That’s New York publishing for you, the literary home of the wider Gotham disease that Tom Wolfe dubbed the Big League Complex. This suggests a sports analogy to me. There has been an American publishing industry for a little under two centuries, once widely dispersed across a number of urban centers, but now almost entirely concentrated in New York; let’s call it the major leagues. Over the past 70 years there has arisen, for reasons too complex to unpack here, an increasingly widespread and professionalized creative-writing industry, and just as the major college athletic programs groom and showcase top-tier talent for drafting by the National Football League and the National Basketball Association, so do the MFA programs groom and showcase top-tier literary talent for the New York publishing houses. There are these days about as many uncredentialed walk-ons in our literary fiction as there are walk-ons in major league baseball.
In 2013 Chad Harbach, author of the widely acclaimed novel The Art of Fielding, holder of an MFA from the University of Virginia, and a founding editor of n+1, published in that magazine an acute anatomy of what he characterized as the two dominant cultures of American fiction, “MFA vs. NYC.” By “MFA” he means the university-based degree-granting system, which now numbers an amazing and, to a book editor, unnerving 1,269 such programs. By “NYC” he meant not only the New York-based publishing houses and the prestige-conferring magazines such as The New Yorker and the Paris Review, but the whole society of writers and editors and agents and publicists and booksellers and, yes, even MFA teachers who make their home and their living here. Broadly and reductively described, the MFA world runs on credentials and degrees and connections, a highly networked “system of circulating patronage,” as Harbach puts it, largely detached from commercial imperatives. Broadly and reductively described, the NYC world runs on money and prestige. NYC is, of course, also highly networked, and one can cite many NYC-ish writers whose prestige is decoupled from their sales, but by and large and in the end we are all highly aware of and finally judged by the metrics of the market.
Yet, as Harbach admits, NYC is where a good part of the MFA sets its cap, for here is where the big payoffs and the lasting glory are to be earned. So to complete the sports analogy, one might propose that the AWP (Association of Writers & Writing Programs) = NCAA (no explanation needed). Both have a limited number of top drawer competitive programs where the truly talented gravitate, and those programs are devoted to preparing the truly talented for their sometimes highly compensated entry into the big leagues. NYC does not formalize this process with anything like a draft (though that would be quite an amusing thing to contemplate); in its place is a system of recommendations whereby the marquee writing instructors pass along their most promising students to their agents, who bring those young writers and their work to editors with all the smarts and salesmanship and market knowledge at their command. When the stars are in alignment — when the right book hits the market at just the right time with just the right spin and buzz — the payoff can be immensely lucrative, approaching and in some cases exceeding a million dollars for a first novel by a hitherto unknown writer. (Such news is usually greeted by a soundtrack of bitching and moaning and gnashing of teeth by hitherto known writers.)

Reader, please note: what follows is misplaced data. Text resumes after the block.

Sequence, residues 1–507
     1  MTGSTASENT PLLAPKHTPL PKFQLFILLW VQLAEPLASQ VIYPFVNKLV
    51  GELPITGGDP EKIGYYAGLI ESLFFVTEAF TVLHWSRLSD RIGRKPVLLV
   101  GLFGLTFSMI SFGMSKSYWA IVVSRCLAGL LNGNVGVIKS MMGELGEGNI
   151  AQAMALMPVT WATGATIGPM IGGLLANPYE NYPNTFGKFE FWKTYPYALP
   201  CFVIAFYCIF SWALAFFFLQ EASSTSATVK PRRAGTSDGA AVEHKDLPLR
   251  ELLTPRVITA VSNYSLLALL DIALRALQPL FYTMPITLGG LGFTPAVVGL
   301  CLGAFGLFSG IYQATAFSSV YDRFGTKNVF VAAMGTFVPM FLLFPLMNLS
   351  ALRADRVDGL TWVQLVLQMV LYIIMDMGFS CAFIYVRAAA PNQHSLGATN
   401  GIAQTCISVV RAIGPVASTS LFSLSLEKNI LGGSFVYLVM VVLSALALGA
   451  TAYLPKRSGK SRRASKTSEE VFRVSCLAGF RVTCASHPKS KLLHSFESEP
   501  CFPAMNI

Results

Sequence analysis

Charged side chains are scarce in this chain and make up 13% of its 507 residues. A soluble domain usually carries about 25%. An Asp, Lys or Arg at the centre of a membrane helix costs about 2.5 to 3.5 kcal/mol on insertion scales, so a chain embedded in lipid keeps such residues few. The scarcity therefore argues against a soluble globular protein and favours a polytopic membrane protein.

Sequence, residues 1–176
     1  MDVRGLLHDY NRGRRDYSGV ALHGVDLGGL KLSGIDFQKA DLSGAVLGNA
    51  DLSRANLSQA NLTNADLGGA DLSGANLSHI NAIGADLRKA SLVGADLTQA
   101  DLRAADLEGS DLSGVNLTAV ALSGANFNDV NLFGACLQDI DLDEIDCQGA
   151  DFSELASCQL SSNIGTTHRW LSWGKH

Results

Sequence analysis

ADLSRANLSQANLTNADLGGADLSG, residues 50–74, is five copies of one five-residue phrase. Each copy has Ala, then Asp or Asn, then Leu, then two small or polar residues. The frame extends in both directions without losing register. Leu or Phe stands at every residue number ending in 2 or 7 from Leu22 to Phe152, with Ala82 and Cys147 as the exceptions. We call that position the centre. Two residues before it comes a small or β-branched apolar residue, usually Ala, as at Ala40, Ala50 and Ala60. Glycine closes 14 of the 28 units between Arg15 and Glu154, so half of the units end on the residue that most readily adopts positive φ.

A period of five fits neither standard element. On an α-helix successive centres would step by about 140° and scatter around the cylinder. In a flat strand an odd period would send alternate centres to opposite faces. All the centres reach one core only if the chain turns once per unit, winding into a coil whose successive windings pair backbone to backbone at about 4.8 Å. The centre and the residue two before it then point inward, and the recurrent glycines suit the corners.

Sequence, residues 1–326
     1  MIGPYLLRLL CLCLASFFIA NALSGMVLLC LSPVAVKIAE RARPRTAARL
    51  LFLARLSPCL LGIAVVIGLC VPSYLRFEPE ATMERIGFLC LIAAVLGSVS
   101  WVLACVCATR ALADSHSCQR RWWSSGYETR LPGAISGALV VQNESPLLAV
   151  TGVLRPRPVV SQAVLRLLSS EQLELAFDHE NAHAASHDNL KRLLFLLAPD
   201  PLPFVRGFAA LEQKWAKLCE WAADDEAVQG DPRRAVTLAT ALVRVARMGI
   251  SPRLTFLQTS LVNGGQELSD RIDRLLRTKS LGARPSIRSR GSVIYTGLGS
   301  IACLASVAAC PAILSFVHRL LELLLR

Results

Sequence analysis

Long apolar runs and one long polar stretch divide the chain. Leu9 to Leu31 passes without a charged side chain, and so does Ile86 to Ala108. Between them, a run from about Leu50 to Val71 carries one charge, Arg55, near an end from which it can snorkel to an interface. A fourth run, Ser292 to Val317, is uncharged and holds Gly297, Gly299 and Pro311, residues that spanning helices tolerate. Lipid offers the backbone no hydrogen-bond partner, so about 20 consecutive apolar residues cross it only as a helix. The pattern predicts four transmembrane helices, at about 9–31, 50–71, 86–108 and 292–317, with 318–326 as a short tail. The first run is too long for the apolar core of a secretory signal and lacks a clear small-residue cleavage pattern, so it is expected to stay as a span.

On occasion the books so singled out will earn back their advances, and their authors will go on to notable careers. But just as many a number-one draft pick will, despite their heroic compensation, struggle as a professional athlete and slowly fade into obscurity, the good fortune of such a young writer can prove temporary and illusory. The excitement that accompanied the first novel’s acquisition somehow does not carry over into the reception by the reviewers and the reading public; the sales disappoint; and in a New York minute, yesterday’s hot property becomes today’s expensive liability.
We’ve traveled a long, long way from the storied four-decade publishing association of Alfred Knopf with Thomas Mann, nostalgia for which is a fairly useless emotion in our Godzilla vs. King Kong world of death-match throwdowns against Amazon and Apple and Google and the Justice Department and adversaries yet undreamt of. So whither “the art of literary editing” in such a world? (It’s really a craft and a profession, but let it pass.)